Article: article from journal or magazin.
The return of increased blood pressure after discontinuation of antihypertensive treatment is associated with an impaired post-ischemic skin blood flow response.
Journal of hypertension
Publication types: Clinical Trial ; Journal Article ; Randomized Controlled Trial - Publication Status: ppublish
OBJECTIVE: To assess the post-ischemic skin blood flow response after withdrawal of antihypertensive therapy in hypertensive patients with normal blood pressure during treatment. DESIGN AND METHODS: Twenty hypertensive patients (group A) with a normal clinic blood pressure (<140/ 90 mmHg) receiving antihypertensive treatment (any monotherapy; one pill per day for at least 6 months) had their treatment discontinued. Before medication withdrawal and 2, 4, 12 and 24 weeks thereafter, the following measurements were made: clinic blood pressure, home blood pressure (three times per week, morning and evening) and skin blood flow response to a 5 min forearm arterial occlusion (using laser Doppler flowmetry). The patients were asked to perform an ambulatory blood pressure recording at any time if home blood pressure was > or =160/95 mmHg on two consecutive days, and treatment was initiated again, after determination of the skin hyperemic response, if daytime ambulatory blood pressure was > or =140/90 mmHg. The same studies were performed in 20 additional hypertensive individuals in whom antihypertensive treatment was not withdrawn (group B). The allocation of patients to groups A and B was random. RESULTS: The data fom 18 patients in group A who adhered strictly to the procedure were available for analysis. Seven of them had to start treatment again within the first 4 weeks of follow-up; four additional patients started treatment again during the next 8 weeks (group A1). The seven other patients remained untreated (group A2). The skin hyperemic response decreased significantly in patients in group A1 and returned to baseline values at the end of the study, when there were again receiving antihypertensive treatment. In patients in group A2 a significant attenuation of the hyperemic response was also observed. This impaired response was present even at the end of the 6 month follow-up, at which time the patients were still untreated but exhibited a significantly greater blood pressure than before drug discontinuation. The hyperemic response of patients who did not stop treatment (group B) did not change during the course of the study. CONCLUSIONS: Our findings show a decrease in the postischemic skin blood flow response after withdrawal of antihypertensive treatment in hypertensive patients. This impaired response may be due to the development of endothelial dysfunction, vascular remodeling, or both, and might contribute to the return of blood pressure to hypertensive values after withdrawal of antihypertensive therapy.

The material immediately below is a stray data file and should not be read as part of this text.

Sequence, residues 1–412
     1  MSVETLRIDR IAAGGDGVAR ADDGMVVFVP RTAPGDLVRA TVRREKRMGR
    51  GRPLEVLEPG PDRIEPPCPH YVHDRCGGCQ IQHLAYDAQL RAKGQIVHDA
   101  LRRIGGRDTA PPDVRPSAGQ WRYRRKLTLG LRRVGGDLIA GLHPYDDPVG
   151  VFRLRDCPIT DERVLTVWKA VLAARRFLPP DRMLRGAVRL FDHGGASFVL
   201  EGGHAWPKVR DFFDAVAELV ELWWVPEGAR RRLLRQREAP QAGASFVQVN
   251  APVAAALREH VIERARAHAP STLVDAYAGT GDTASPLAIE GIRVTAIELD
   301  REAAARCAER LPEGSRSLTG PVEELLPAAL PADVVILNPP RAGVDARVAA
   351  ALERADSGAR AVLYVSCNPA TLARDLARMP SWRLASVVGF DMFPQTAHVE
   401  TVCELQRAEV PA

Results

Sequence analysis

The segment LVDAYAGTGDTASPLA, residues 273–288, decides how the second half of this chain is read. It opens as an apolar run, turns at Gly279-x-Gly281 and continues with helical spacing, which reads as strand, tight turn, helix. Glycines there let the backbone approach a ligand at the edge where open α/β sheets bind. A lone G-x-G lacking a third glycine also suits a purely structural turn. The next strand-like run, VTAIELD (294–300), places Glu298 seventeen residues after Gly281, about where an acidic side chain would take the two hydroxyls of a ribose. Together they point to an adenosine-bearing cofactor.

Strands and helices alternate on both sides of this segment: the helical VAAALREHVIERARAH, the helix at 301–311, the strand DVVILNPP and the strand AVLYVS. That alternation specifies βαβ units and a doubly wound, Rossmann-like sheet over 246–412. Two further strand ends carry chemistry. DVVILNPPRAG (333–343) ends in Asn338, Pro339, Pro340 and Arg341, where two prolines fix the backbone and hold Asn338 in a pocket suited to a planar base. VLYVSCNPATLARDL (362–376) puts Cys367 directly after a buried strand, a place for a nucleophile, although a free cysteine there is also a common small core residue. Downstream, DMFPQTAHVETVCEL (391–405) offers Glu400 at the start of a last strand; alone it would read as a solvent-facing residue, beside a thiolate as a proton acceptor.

Adult, Antihypertensive Agents, Blood Pressure, Female, Humans, Hypertension, Ischemia, Male, Middle Aged, Recurrence, Regional Blood Flow, Reperfusion Injury, Skin, Substance Withdrawal Syndrome
Web of science
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